Advice from Professor Anliker

Pandora by Roger Anliker, Gouache

Thirty-five years ago I studied at Temple University’s Tyler School of Art, with a professor Roger Anliker.  When I knew him, Anliker was a petite man with jet black hair combed back from a pale and lined face. He smoked in class.  He seemed fragile, but highly intelligent and scary.

When I climb back onto that page of my history, I am standing in a large airy studio before a tilted drawing table, the rumble of an enormous ventilation system filling the air.  My miserable and vague charcoal sketch of a nude male lies before me, sans genitalia. I am hoping no one has noticed. Maybe the tilted table hides my lack of skill and bravery. I am new at drawing from nude models, and dreading the professor’s approach.  But Anliker stands beside me, a cigarette between his shakey fingers, and an enormous ash built up and dangling from its end. A few sheds of ash fall across the paper and he whisks them impatiently away. 

Whatever he actually said about my attempt at drawing is lost to my memory – but if he had said something clever or critical I am sure I would have remembered it. (I can still hear Stanley Whitney cheerfully using my first painting in his class as the bad example, “Ah, now this is a piece of shit.”) What I do remember is a sense of patience…and humor. Anliker (my class called him Roger) was the kind of man whose razor wit terrified junior classmen — some students called him “God” — but under the apparent arrogance and critical tongue was a kind heart.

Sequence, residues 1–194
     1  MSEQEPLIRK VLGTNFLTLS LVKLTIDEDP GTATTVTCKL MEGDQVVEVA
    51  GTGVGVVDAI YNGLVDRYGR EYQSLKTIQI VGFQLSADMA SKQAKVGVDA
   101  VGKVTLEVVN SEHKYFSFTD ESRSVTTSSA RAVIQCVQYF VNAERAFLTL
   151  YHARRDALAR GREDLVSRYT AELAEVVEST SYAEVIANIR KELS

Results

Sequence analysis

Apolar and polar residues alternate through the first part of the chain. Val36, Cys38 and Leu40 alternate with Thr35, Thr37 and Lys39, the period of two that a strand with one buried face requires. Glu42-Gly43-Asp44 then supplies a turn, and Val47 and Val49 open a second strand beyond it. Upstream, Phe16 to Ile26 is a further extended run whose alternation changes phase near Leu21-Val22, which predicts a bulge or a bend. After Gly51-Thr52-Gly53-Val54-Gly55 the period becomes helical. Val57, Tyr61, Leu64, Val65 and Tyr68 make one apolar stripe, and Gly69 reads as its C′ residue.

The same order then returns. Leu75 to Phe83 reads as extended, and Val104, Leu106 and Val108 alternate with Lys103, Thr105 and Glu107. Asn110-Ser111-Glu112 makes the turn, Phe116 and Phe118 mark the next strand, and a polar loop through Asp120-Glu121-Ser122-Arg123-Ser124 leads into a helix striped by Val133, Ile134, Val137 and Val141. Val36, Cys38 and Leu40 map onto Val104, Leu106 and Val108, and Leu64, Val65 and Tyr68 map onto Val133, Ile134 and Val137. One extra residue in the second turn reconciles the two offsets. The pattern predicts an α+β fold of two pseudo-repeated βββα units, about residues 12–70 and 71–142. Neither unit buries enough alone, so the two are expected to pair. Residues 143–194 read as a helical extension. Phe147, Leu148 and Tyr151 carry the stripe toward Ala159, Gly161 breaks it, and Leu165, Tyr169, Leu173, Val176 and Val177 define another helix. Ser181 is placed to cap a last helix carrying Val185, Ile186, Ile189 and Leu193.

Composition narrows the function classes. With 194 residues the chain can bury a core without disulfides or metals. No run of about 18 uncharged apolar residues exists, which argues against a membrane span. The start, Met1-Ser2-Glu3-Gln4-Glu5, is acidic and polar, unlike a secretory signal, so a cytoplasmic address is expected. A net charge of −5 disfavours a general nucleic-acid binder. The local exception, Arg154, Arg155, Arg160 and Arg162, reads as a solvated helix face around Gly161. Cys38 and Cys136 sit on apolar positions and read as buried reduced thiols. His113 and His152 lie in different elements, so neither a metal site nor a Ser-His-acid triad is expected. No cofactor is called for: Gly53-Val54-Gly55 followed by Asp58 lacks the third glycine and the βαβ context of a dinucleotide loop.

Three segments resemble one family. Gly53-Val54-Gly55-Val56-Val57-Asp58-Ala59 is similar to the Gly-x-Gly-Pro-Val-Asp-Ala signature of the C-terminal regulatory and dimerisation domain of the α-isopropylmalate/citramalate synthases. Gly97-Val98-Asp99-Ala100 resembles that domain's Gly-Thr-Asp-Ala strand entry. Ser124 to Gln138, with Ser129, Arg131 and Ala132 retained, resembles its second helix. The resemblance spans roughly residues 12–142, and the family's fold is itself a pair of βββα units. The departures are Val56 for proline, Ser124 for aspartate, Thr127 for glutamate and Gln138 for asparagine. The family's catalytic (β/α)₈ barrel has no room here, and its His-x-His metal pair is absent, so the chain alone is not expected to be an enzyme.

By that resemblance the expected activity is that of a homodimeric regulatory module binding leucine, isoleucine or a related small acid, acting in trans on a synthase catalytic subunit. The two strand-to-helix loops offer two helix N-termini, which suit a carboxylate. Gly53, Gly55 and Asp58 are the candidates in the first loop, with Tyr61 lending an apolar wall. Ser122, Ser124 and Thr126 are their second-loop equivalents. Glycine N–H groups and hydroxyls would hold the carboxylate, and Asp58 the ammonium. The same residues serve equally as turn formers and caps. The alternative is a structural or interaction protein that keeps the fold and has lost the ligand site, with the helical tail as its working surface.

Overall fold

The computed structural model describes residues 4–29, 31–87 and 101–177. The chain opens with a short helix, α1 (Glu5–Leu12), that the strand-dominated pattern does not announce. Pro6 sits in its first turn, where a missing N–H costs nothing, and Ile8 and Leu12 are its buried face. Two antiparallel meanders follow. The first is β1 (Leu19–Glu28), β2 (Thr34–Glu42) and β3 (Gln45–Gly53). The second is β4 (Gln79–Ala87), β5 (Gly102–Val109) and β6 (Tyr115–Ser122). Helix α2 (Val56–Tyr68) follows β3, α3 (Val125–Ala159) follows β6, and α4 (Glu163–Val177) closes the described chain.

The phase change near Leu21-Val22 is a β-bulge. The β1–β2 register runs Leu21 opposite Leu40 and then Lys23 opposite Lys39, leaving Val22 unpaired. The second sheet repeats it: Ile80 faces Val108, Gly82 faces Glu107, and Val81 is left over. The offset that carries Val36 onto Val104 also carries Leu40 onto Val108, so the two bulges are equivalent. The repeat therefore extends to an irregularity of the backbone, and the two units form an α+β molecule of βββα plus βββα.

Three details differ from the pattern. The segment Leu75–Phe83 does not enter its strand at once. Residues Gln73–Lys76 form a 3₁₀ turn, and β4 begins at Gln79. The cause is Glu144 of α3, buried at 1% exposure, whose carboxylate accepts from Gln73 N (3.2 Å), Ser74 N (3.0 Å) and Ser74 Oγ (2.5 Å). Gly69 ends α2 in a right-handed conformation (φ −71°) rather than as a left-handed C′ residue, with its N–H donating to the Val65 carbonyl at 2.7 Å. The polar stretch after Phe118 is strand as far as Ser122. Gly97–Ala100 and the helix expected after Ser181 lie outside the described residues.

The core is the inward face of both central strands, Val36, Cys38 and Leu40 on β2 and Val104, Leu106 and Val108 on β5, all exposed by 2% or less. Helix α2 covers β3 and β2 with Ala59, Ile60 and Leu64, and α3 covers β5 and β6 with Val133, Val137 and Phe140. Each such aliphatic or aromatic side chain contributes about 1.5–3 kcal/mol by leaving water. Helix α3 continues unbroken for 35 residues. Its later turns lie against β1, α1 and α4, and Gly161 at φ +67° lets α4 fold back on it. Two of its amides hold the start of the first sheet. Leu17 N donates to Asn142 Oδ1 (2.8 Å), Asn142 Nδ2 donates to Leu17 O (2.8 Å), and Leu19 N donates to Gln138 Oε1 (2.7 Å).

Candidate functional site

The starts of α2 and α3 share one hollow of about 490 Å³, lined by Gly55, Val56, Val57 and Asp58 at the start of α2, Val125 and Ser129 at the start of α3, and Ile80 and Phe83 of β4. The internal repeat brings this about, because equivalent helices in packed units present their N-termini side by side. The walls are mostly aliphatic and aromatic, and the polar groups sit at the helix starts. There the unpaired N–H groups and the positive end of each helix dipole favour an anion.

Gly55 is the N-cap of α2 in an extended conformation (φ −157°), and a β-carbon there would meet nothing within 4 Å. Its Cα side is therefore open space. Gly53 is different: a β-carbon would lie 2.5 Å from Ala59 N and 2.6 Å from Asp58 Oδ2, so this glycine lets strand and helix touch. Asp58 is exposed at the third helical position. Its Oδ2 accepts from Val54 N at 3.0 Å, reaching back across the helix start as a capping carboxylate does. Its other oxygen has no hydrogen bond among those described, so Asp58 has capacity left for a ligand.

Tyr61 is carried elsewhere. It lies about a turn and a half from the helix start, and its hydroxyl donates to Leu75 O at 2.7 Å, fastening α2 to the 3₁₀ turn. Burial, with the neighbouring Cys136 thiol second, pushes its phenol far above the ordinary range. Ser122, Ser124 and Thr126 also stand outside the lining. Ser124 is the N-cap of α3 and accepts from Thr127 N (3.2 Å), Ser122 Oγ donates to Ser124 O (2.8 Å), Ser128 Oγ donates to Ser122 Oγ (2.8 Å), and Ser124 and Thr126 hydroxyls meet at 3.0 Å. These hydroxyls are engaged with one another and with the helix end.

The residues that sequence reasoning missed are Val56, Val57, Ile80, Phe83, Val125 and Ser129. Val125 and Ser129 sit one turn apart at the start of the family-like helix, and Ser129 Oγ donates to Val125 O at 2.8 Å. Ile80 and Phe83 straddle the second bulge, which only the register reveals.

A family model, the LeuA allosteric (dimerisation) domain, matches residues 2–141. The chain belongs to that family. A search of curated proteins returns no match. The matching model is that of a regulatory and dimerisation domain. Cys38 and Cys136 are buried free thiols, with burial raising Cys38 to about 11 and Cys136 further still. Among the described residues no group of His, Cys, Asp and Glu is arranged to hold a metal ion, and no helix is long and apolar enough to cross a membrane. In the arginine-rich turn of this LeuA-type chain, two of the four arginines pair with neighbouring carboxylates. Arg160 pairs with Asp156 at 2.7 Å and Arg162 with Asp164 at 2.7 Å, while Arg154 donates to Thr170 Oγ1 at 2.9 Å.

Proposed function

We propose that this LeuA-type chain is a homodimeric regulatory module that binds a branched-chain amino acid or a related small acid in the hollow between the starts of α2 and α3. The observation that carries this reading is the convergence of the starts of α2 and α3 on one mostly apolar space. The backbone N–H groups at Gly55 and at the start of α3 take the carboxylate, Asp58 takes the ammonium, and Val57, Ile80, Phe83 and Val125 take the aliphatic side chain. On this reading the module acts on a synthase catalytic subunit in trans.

Everyone deals with chaos on the pages of their lives, one way or another. And certain things Roger Anliker taught about drawing have armed me for arenas I doubt he expected. Though it’s true, he did cast a pretty wide net. He had no trouble presenting himself as a deity.

When you are starting a picture, Roger said, always make three models. Don’t just go with your first idea, he said. Come up with three ideas and choose the best one. This stuck with me. Chicken coop additions, strategies for fundraising, ways to talk to difficult people have all benefited from this counsel. So of course have my paintings and screenplay scripts. Christmas plays. Garden designs. Puppy training. My children can tell you that “make three models” has been an idea impressed on them, too.

Create three examples. Draw three pictures. Think of three possibilities. And choose the best one.

Roger had more to say about models. Always have a model, he said. Don’t draw from memory, from your head. If you’re going to draw an alligator, and you don’t have an alligator, find something that looks remotely like an alligator and use that.

He also said, ” If Grumbacher [sketch paper company] knew how large your painting was meant to be, and sold you a piece of paper exactly the right size for your drawing, that would great. But they don’t. If you get to the edge of your paper and you aren’t finished, then grab another piece, and attach it and keep going! Don’t allow the size of the paper to determine what you are creating.”

Thirty-five years later, as I am standing in my kitchen, making the morning smoothies, I suddenly remember those famous words. I am trying to think how to deal creatively with my son’s anger and unhappiness with his lot in life. He is stuck. We are all frustrated and stuck. How do we go forward?

Imagine life outside the confines of the page you see. Ignore the edges. Make three models. Throw out the two that don’t work. And go.